Brunin and McGowan met through a storm chasers forum two years ago. Storm chasers throughout Tornado Alley and elsewhere share tips through websites such as stormtrack.org and stormchasers.org and go to training classes held by the National Weather Service. When the chance of a tornado is high in a small area, the roads can become packed with chasers from all over the country.

"You'll get what they call a convergence," McGowan says, "where there's just hundreds and hundreds of cars out there."

To track storms and capture them on film, McGowan and Brunin bring along thousands of dollars of equipment.

Two still cameras and two video cameras hook into a mount McGowan drilled into the dash of the SUV. A floorboard mount harnesses a laptop where they watch radar and check data online through a cell phone card. Two GPS units-one hooked up to the window so McGowan can see and the other to the laptop-show where they are.

photo

KU atmospheric science students and storm chasers (from left) Dallas Smith, junior; Jesse Lundquist, junior; Ava Dinges, sophomore; Lauren Hoff, senior; David Swartz, junior; Noah Lock, freshman. The group is working on starting a business-F5 Tornado Tours.

"We kind of refine our target as we're on the road," McGowan says. "Things drastically change. I mean, it could always be in one area and then it could be 150 miles to the west three hours later. There's a whole lot more that goes into storm chasing than just jumping in your car and driving to a storm."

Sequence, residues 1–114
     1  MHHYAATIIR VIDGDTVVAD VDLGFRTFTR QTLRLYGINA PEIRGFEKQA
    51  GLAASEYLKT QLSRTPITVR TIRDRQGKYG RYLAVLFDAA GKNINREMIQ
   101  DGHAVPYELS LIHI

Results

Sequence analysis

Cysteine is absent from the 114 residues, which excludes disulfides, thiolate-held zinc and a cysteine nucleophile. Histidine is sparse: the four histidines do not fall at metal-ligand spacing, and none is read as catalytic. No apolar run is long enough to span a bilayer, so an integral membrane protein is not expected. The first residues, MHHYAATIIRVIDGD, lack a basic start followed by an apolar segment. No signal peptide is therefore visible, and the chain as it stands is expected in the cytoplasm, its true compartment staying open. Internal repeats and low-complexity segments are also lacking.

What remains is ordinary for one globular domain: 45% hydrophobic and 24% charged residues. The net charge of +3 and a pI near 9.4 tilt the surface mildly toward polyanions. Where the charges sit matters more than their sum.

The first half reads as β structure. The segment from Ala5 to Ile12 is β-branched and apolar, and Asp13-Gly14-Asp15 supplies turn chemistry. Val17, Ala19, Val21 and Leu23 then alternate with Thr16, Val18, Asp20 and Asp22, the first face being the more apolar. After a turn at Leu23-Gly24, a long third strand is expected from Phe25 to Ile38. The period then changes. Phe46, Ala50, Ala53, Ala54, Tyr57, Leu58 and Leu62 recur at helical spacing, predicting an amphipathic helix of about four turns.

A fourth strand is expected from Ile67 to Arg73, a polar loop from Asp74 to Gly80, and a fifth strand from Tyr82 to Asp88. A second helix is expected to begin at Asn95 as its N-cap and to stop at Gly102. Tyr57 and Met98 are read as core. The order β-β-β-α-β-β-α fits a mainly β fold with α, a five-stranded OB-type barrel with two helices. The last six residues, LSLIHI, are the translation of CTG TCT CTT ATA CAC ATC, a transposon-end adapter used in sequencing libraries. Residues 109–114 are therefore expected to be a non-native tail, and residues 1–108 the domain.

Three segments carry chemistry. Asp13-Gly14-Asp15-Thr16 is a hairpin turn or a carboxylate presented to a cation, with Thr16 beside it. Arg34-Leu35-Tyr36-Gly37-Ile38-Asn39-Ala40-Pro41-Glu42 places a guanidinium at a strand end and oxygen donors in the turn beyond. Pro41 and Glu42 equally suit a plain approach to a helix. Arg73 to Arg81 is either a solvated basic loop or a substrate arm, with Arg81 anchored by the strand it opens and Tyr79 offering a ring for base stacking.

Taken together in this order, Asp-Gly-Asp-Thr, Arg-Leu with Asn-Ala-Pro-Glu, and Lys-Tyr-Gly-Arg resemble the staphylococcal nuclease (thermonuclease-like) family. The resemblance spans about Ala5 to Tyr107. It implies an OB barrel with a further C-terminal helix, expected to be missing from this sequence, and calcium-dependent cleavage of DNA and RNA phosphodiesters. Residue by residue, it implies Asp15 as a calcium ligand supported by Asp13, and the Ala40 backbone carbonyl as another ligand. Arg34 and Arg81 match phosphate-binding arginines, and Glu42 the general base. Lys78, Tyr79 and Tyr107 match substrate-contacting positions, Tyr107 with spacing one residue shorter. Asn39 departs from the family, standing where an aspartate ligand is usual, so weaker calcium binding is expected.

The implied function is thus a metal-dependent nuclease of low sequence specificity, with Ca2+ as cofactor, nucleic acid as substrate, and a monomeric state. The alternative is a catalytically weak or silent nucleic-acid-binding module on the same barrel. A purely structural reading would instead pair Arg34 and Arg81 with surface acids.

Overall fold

Thrill of the chase

Brunin estimates that on four out of five of trips they don't see a tornado.

"I've driven to South Dakota for partly cloudy skies before," McGowan says. "For nothing."

For chasers like KU student Lauren Hoff, those fleeting moments when a tornado touches down-with the wind beating and the lightning flashing-make hours of fruitless driving worthwhile.

"It's one of the scariest things you'll ever do," she says, "but it's also one of the top adrenaline rushes and one of the best things you'll ever do in your life."